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After The Close - Stocks turned in another weak session today, as they have been more prone to do in the past few weeks, or since the Dow Jones Industrial Average turned in an all-time closing high of 17,138 on July 16th. At the end of the day, the Dow was down 75 points, the S&P 500 was off 11 points, and the NASDAQ had dropped 20 points. Market breadth was negative, too, with decliners topping advancers by a clear margin on the Big Board and more so on the NASDAQ. But at least the market finished above its weakest levels of the day, which had seen the Dow, for example, off 110 points.

The morning started off on a positive note with a greater-than-expected falloff in the number of weekly initial jobless claims. That contributed to an early bullish feeling on Wall Street, and the Dow was up 45 points an hour into trading. Some recent backsliding in stocks made it a bit easier to make up lost ground.

But then the sinking feeling that comes when investors realized that an improving economy makes a stronger case for higher interest rates earlier in 2015 than previously thought seemed to set in. Stocks have clearly benefited from the Federal Reserve’s easy-money policies in recent years, but expectations are rising for that tailwind to become a headwind within six months to a year.

Share prices are also having a tougher time as international concerns mount. Tensions between Russia and its trading partners in the West are rising as a series of punitive and retaliatory economic sanctions takes hold. Europe is not experiencing all that robust a recovery as it is. There are legitimate worries that the tensions could boil over and escalate into full-fledged fighting between Ukraine and Russia. Such a breakdown could hurt economic activity in the broader euro zone even further.

Overall, the combination of fears that the Fed may need to act sooner than it might have as the economy strengthens and uneasiness over rising geopolitical strains has given the bears the upper hand lately, including the bulk of today’s trading.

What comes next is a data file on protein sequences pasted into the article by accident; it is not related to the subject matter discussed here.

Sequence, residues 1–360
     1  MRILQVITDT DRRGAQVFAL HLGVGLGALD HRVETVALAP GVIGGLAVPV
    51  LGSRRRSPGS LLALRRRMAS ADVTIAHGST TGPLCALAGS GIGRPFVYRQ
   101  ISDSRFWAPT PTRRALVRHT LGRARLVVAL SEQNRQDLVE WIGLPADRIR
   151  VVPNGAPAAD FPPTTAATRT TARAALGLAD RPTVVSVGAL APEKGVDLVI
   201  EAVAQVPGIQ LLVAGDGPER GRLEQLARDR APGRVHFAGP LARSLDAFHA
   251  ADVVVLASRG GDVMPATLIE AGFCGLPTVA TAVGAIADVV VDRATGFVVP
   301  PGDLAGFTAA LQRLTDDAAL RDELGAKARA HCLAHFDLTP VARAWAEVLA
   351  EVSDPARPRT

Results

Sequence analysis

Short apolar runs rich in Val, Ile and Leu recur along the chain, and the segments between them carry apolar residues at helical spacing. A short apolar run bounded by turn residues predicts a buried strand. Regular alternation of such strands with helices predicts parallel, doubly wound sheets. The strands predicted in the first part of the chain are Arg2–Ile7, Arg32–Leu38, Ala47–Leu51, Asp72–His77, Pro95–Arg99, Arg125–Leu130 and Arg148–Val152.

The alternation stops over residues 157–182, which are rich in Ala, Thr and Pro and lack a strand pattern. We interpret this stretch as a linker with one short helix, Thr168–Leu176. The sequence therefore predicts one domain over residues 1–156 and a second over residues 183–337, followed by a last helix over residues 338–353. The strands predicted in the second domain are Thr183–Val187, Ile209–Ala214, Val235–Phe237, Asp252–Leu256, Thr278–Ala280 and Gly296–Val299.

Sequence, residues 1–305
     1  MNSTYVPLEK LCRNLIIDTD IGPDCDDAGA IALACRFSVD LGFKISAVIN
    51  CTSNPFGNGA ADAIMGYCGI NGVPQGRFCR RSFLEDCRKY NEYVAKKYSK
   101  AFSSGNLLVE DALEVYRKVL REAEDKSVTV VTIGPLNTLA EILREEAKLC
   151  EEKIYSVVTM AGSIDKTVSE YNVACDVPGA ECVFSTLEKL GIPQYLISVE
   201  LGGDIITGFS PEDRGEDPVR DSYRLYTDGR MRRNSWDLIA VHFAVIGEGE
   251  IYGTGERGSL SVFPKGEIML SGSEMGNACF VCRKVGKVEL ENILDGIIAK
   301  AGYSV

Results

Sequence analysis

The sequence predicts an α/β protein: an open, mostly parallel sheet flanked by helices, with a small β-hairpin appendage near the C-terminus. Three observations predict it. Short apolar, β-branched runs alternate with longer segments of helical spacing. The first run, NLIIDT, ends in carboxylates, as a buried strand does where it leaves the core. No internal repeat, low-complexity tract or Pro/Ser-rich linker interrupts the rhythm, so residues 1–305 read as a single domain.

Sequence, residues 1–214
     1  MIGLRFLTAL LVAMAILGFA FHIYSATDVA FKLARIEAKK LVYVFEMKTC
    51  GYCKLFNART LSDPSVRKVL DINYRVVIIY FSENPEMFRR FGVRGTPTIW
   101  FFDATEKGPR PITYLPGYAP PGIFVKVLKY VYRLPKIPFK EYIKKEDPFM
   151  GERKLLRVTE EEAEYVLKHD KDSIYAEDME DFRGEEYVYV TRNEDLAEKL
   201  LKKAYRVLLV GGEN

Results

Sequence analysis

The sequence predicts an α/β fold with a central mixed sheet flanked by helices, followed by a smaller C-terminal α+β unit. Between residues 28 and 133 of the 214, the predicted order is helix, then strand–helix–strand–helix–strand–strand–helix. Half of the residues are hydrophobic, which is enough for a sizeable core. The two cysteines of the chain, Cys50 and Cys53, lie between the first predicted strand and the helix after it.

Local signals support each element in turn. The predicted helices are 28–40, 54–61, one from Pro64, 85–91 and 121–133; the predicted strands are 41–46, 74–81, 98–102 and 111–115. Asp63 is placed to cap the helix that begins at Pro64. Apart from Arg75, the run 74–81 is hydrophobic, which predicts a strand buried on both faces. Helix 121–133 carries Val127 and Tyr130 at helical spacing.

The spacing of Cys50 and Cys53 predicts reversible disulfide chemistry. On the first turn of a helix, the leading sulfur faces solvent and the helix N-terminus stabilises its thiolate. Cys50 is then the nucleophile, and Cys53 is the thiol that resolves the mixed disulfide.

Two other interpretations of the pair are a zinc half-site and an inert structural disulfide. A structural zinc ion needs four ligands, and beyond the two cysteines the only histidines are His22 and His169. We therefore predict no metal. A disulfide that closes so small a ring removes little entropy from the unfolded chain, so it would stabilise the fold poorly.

Still, the bulls have precedent on their side. This isn’t the first time the investment backdrop has shifted from one being driven by low interest rates to one more fully reliant on the strength of the economy and corporate earnings. In that respect, there is clearly a case to be made that the bull market will reassert itself once the current transition period is worked through. – Robert Mitkowski

At the time of this writing, the author did not have positions in any of the companies mentioned.

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12:30 PM EDT - The U.S. stock market opened higher today, but has been unable to hold its gains. It should be noted that the market has been quite choppy lately, often shifting direction during the course of the day, and that suggests that traders lack clear direction. It is not clear what will offer guidance, as the second-quarter earnings season is now ending and some traders may be taking a break to enjoy the last weeks of summer. At just past noon in New York, the major averages are mixed. The Dow Jones Industrial Average is off 48 points; the broader S&P 500 Index is down six points; and the NASDAQ is virtually flat. Market breadth shows a mixed tone to today’s session, with advancing stocks about even with decliners on the NYSE. Most equity sectors are struggling, with pronounced losses in the healthcare and basic materials issues. In contrast, the utilities are up nicely and the industrials are moving higher.

Technically, the market seems to be fairly stable, but unable to rebound. Nonetheless, the Dow Jones Industrial Average seems to have found support near its 200-day moving average, located at 16,344, but the S&P 500 Index is now at its 100-day moving average, located at 1,914. These levels are widely watched by technicians, and it remains to be seen if they will hold.

Meanwhile, today’s economic news was somewhat constructive. Initial jobless claims for the week ended August 2nd came in at 289,000 which was down from the prior week’s reading, and was also lower than had been anticipated. Weekly continuing claims showed improvement, suggesting that the employment situation is on the mend.

It should be noted that the economic outlook in Europe is less favorable than it is on our shores, with Italy now officially in a recession. Further, news that the ECB will maintain the current interest rates may have been a disappointment. Also, many are concerned about the situation in Ukraine and the sanctions placed on Russia.

In corporate news, things were relatively quiet today. Nonetheless, Thoratec (THOR) stock is sinking after the medical supplies company put out a weak report. - Adam Rosner

At the time of this article’s writing, the author did not have positions in any of the companies mentioned.

Stocks to Watch from The Survey: Today is set to be another busy day on Wall Street, with investors digesting a slew of earnings reports. Keurig Green Mountain (GMCR), will be of particular interest. Indeed, the coffee brewing systems maker raised its full-year outlook after announcing better-than-expected fiscal third-quarter earnings. However, the top line came up short of consensus in the most recent period and the stock has experienced some weakness in pre-market trading. Generic drugmaker Mylan is also expected to open in the red after announcing that higher costs and delays in FDA approvals would likely cause it to come up short of current quarter expectations.